What does a time aligned system sound like? Well, it is easier to describe what a non-time aligned system sounds like. If you have the ability, you should deliberately mess up the time alignment of your system. You will hear smearing and a loss of clarity. The image is unstable and seems to shift depending on pitch (the worst offenders are instruments with a wide frequency range like a grand piano). Bass sounds "slow" and laggy. Dynamics are affected, and the system sounds lazy and "constricted". With time alignment, there is incredible transparency, slam, and punch.
Thanks Keith, I need to read this carefully again. I have searched a lot, but there was no clear explanation for time alignment. I'm still confused what to read, how I have to do frequency sweep and what is important plot in REW for alignment.
 

dualazmak

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Sorry again to be a little bit out of the scope of this thread, but...

Just for your, our, possible interest and reference, let me suggest one another tip (a different perspective) for semi-quantitative "observation" of transient behavior of bass sound sung by subwoofer only, woofer only, and subwoofer plus woofer around the XO Fq with or without time-alignment tuning.

The 3D sound color spectrum (gain-Fq-time) of Adobe Audition (I use ver.3.0.1) would represent a kind of sound energy distribution (or a kind of compactness/tightness of the sound) which I found useful and worthwhile for semi-quantitative observation of transient sound reproduction around the XO Fq measured by sine tone burst stimulation given to the drivers; please refer to my post #507 on my project thread.
WS003329 (4).JPG
 
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Keith_W

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Thanks Keith, I need to read this carefully again. I have searched a lot, but there was no clear explanation for time alignment. I'm still confused what to read, how I have to do frequency sweep and what is important plot in REW for alignment.

There are a number of "time" related plots in all measurements - phase, impulse, step, group delay, etc. The first step is to understand what all the measurements mean - read the REW Help Guide (if you are like me, you have to read it several times). Then watch this @OCA video (if you are like me, you have to watch it several times as well):


IMO the hardest part about any DSP is subwoofer time alignment. As my above posts have shown, the initial subwoofer impulse and the phase of the sub in relation to the woofer both need to be aligned if possible. And - even if the phase is aligned at one frequency, it may not be aligned at another frequency. You will be staring at graphs a lot in utter confusion. Don't be discouraged, it is all part of the learning process.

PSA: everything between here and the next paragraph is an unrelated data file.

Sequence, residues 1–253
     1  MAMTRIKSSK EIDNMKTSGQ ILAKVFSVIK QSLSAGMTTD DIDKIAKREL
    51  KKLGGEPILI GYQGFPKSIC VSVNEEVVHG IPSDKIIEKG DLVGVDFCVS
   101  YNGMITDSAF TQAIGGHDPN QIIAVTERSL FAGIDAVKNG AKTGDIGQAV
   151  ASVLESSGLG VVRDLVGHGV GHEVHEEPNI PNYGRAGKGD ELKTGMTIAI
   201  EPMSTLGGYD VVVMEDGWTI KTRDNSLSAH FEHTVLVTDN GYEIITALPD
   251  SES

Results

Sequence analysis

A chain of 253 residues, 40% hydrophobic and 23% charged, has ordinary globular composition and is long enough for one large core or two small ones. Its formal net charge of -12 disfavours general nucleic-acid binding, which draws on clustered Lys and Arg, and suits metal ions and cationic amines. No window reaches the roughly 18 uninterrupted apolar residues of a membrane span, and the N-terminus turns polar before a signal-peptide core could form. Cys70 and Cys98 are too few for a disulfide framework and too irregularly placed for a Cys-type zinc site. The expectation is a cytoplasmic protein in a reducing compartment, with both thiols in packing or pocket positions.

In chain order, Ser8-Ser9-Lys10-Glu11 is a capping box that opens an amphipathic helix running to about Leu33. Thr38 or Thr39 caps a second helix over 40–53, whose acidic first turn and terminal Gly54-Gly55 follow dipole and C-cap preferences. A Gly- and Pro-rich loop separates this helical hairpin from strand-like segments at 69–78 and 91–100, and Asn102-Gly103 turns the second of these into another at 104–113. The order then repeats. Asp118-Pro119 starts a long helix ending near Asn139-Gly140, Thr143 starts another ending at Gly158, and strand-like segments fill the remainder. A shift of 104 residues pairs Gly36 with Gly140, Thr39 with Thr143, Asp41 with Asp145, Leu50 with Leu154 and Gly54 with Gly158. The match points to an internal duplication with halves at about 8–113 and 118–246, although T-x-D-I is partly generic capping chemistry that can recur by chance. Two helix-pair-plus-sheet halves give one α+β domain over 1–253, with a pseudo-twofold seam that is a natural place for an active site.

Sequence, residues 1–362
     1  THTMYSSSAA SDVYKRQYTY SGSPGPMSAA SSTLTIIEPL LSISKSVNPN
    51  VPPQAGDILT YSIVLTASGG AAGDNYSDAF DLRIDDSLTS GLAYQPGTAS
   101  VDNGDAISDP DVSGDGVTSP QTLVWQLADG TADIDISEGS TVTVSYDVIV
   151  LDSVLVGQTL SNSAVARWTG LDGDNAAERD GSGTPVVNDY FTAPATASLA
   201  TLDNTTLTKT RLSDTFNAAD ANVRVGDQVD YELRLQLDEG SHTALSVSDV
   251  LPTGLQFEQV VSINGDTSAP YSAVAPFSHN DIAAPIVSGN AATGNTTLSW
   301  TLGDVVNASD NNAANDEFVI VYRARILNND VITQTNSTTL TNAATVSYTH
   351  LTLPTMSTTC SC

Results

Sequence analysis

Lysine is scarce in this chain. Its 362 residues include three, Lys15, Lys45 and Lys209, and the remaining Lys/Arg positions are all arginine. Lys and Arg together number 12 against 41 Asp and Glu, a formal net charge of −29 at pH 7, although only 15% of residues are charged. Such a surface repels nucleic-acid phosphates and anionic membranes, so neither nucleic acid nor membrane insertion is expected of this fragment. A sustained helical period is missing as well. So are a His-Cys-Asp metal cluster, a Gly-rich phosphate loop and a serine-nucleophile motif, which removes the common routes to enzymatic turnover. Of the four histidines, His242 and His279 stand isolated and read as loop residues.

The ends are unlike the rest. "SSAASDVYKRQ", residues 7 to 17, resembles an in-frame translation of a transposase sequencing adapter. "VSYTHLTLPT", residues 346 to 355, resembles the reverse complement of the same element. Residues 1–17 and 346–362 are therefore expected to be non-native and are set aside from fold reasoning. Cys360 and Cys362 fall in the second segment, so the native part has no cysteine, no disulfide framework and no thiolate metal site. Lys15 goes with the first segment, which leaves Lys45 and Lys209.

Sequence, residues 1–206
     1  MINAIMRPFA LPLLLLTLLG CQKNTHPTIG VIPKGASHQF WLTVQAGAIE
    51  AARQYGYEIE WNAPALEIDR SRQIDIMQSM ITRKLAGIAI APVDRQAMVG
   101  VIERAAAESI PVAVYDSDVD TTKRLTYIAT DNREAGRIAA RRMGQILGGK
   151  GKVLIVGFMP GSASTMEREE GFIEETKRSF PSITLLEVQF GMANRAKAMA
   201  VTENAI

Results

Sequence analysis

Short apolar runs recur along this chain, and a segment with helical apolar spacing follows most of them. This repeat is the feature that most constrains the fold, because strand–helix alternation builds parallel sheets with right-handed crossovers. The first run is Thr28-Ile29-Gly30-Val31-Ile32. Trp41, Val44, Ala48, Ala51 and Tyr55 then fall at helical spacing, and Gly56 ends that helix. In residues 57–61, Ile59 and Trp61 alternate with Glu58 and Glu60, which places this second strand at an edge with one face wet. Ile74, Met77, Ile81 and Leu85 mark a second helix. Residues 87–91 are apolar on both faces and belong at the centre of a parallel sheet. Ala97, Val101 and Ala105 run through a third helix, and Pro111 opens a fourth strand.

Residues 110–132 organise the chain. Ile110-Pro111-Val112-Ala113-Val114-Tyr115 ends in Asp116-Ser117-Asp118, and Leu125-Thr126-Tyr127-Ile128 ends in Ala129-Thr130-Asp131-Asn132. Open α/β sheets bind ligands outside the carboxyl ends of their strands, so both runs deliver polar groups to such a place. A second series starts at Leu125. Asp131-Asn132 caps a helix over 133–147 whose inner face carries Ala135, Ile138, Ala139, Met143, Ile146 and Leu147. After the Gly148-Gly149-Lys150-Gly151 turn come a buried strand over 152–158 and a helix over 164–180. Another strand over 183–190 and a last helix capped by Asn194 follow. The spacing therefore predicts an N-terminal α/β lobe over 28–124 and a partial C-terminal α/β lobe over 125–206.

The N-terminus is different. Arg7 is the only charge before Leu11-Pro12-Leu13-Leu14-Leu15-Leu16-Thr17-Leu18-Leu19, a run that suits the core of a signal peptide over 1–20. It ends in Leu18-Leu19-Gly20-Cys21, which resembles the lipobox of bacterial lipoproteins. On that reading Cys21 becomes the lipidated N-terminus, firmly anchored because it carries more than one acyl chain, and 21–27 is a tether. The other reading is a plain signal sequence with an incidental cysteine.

GaryY

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There are a number of "time" related plots in all measurements - phase, impulse, step, group delay, etc. The first step is to understand what all the measurements mean - read the REW Help Guide (if you are like me, you have to read it several times). Then watch this @OCA video (if you are like me, you have to watch it several times as well):


IMO the hardest part about any DSP is subwoofer time alignment. As my above posts have shown, the initial subwoofer impulse and the phase of the sub in relation to the woofer both need to be aligned if possible. And - even if the phase is aligned at one frequency, it may not be aligned at another frequency. You will be staring at graphs a lot in utter confusion. Don't be discouraged, it is all part of the learning process.
Thank you Keith, I will try more. The 1st question to me was time alignment is matter of physical distance + reaction of driver while phase cotrol is frequency dependant (I still may be wrong). Let me look at the curves again.

P.S.) I also thoght my ears will hear only magnitude, not phase....so may be phase control is important only at the boundary of cross over at listening point????....
 
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Keith_W

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Thank you Keith, I will try more. The 1st question to me was time alignment is matter of physical distance + reaction of driver while phase cotrol is frequency dependant (I still may be wrong). Let me look at the curves again.